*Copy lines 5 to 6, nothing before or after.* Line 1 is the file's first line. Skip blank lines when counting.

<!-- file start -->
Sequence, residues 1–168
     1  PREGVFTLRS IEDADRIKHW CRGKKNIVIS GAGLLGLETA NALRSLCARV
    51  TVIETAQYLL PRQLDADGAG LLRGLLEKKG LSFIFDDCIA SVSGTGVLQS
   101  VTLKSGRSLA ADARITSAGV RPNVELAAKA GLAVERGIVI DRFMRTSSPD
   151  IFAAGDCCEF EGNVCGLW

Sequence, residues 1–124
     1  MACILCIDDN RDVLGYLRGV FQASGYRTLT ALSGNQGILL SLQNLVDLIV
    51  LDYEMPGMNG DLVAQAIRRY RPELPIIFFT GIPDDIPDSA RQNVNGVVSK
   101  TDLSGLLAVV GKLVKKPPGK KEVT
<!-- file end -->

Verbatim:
   151  IFAAGDCCEF EGNVCGLW

Sequence, residues 1–124